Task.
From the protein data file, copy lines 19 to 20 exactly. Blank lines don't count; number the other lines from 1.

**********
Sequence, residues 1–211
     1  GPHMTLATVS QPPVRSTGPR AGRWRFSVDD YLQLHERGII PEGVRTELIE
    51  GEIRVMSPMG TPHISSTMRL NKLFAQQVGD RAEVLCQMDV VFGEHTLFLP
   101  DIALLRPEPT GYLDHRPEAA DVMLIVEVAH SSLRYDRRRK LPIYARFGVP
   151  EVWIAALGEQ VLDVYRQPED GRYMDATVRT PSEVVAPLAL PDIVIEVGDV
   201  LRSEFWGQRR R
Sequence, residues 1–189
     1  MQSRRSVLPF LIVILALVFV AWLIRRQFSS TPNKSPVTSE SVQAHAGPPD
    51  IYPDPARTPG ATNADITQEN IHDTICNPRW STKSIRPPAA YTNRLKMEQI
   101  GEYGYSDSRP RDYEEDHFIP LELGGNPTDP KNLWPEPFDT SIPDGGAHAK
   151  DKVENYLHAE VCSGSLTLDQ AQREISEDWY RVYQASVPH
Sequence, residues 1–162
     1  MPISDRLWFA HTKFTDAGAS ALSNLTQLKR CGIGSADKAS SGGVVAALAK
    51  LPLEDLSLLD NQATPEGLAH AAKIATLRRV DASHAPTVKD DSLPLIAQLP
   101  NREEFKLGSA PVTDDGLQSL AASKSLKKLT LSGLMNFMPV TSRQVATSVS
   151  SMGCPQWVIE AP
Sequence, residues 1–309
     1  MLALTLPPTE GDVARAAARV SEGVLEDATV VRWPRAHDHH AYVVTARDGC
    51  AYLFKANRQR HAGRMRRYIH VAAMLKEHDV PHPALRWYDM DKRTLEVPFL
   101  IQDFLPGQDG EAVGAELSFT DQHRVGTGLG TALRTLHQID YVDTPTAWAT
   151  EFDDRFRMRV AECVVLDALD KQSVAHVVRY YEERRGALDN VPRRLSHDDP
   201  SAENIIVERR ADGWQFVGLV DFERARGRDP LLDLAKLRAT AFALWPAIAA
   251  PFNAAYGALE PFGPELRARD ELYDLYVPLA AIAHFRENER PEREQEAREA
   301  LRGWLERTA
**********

    51  AYLFKANRQR HAGRMRRYIH VAAMLKEHDV PHPALRWYDM DKRTLEVPFL
   101  IQDFLPGQDG EAVGAELSFT DQHRVGTGLG TALRTLHQID YVDTPTAWAT